05 March 2013

Justification, Time, and Opportunity for using a knife for self-defense

Some people who carry both knives and guns for self-defense have illusions of grandeur based on movies, TV, and "attack" training.  By attack training I mean training in which the gun or knife is in their hand and they get a signal to attack. 

I am sure that people here get tired of me when in response to a "which knife is better or best" thread I ask if a knife has a trainer available, whether it is a folder or fixed.   If it is fixed, it needs to have a sheath as well so you can train with the carry/deployment option you plan to use.  Any and all edged weapons can be pressed into use as a weapon if you can get it into your hand.  But that is not what people here are asking, they are implying that they plan to carry a particular knife as a primary or secondary deadly force option.  In that case, you will need a trainer and training, and I am not talking about just knowing how to use a knife against a person.

You need a trainer, and at least a training buddy.  Write down some scenarios in which you believe you would have justification, time, and opportunity to use your knife for self-defense.  Then play a few of them out.  Doing exactly this is what has led me to the following conclusions about the reality of using a knife for self-defense:

#1 There are basically three ranges in which you would have the time and opportunity to draw your knife for self-defense.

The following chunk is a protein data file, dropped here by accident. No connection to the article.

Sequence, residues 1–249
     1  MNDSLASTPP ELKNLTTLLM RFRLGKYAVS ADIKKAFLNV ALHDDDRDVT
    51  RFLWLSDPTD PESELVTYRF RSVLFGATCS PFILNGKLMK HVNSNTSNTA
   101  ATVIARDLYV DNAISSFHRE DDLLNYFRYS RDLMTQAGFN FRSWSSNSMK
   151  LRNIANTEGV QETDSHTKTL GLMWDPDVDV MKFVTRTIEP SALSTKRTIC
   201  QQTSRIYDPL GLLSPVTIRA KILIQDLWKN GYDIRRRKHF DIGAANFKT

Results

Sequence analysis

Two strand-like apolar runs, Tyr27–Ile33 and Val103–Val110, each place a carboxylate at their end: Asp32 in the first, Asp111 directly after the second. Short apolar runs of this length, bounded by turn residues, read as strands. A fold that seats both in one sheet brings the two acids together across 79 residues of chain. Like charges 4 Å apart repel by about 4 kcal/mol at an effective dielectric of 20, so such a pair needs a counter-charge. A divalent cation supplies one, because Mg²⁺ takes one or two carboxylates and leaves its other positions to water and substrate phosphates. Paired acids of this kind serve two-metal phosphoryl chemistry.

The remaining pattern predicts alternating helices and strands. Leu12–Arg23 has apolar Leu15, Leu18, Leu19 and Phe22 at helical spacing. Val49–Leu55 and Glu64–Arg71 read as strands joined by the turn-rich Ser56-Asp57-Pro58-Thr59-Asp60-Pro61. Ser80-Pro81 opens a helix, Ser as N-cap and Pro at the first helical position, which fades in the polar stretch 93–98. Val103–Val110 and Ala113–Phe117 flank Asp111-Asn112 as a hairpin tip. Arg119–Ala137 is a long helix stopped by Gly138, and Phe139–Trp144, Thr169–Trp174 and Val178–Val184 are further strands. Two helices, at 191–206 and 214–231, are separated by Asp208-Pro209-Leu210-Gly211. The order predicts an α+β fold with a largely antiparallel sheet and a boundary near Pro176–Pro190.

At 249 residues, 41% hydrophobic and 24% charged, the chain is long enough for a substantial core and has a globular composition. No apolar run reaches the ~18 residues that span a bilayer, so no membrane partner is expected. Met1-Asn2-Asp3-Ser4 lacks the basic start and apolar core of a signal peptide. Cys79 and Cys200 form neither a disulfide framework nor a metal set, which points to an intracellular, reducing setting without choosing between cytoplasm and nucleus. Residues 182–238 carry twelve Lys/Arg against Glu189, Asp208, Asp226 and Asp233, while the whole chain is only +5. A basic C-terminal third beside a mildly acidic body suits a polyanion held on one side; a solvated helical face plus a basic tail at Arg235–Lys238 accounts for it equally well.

You have chosen to draw your knife and show it to someone at a distance in an attempt to intimidate them to stop what they are doing.

They are moving towards you and due to the totality of the circumstances you believe that you have the justification, time, and opportunity to draw your knife for self-defense.

You are locked up or in a clinch, standing or on the ground, and based on the totality of the circumstances you believe you have the justification, time, and opportunity to draw your knife for self-defense.

#2 That the most probable scenario in which you have the justification, time, and opportunity to deploy your own knife is in the clinch scenario, or at least well within arm’s reach.

#3 That once you have a specific tool in your hand you become focused on using that tool against your attacker as your defense, and not part of your defense in addition to moving or getting a physical barrier between you and them.

#4 That the slowest way to physically stop a human is by blood loss even though it often causes eventual death.  The majority of wounds caused by knives are those to the circulatory system.  An attack using a blade usually has no immediate effect on the central nervous or structural system (comprised of the bones, muscles, ligaments, and tendons).  A disruption of these two systems is achieved by crushing/impact injuries most efficiently delivered by personal (feet, hands) and impact weapons.